With Beckett, Matsuzaka, and Lester coming back, the rotation is very good. Masterson and Buchholz are both options as number four or five guys that could be very effective (though I'd like to see Masterson stay in the bullpen, the new additions make him a moveable part).

John Smoltz was a great signing; not too expensive, with the potential to be a very strong starter and a huge bonus in the rotation in the second half and the playoffs.

 

Relief Pitching

With Papelbon, Delcarmen, Okajima and Masterson, the Sox already had a strong closer and setup team, but as he always does, Theo Epstein made some moves to add depth in the bullpen that may pay off big. Trading Coco Crisp for Ramon Ramirez could be a great move. 

I don't know Ramirez, but his numbers from last season look good—if he can put up those numbers in the sixth-seventh innings, we'll be set even in Daisuke's shortest starts.  Takashi Saito is a terrific pitcher—one of the best closers in baseball in recent years—so if he's healthy, he's either a solid seventh inning guy or a replacement for Masterson, allowing him to move into the rotation.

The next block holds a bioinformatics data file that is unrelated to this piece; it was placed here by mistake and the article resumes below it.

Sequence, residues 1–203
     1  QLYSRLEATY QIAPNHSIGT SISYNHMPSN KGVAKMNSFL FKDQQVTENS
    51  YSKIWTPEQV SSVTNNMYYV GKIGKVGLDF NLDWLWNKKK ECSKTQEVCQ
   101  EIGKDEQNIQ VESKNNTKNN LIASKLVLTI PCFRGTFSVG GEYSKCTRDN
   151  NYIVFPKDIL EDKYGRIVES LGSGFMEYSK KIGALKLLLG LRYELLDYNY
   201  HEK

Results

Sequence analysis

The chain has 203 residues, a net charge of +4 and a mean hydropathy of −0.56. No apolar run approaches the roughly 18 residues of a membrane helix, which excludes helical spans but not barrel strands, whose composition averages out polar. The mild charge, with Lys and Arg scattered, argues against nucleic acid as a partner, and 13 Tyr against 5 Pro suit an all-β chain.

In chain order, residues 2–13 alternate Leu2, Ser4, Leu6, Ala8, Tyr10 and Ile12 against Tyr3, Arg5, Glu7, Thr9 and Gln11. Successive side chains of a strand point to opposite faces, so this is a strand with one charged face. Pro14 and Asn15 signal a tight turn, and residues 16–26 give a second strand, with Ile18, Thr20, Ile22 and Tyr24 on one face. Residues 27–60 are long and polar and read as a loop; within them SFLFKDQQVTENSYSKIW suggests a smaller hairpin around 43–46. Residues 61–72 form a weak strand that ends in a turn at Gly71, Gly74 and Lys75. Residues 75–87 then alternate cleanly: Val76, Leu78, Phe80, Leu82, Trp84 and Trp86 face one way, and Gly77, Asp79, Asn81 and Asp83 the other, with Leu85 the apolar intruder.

Intangibles

Finally, as it's always good to have a Jedi Knight on the team, it was great to see Theo trade David Pauley to Baltimore for Randor Bierd. I'm pretty sure Randor Bierd was an apprentice under Mace Windu.

 

Conclusion

I think it was a solid offseason for a team that obviously didn't feel like it had a lot of holes to fill.  I wish there were fewer question marks and if-he's-healthy types on the team, but if they're healthy, the Sox looking good. Still, I don't think Epstein did anything to replace the lost power when Manny was sent away.

Counting on Youkilis to keep increasing his homer total or Lowell to come back and hit 25 HR's is just dreaming. Luckily, I think our pitching is strong enough to overcome our reduced offense this season.

Load More Stories

Follow Boston Red Sox from B/R on Facebook

Follow Boston Red Sox from B/R on Facebook and get the latest updates straight to your newsfeed!

Out of Bounds

Boston Red Sox

Subscribe Now

We will never share your email address

Thanks for signing up.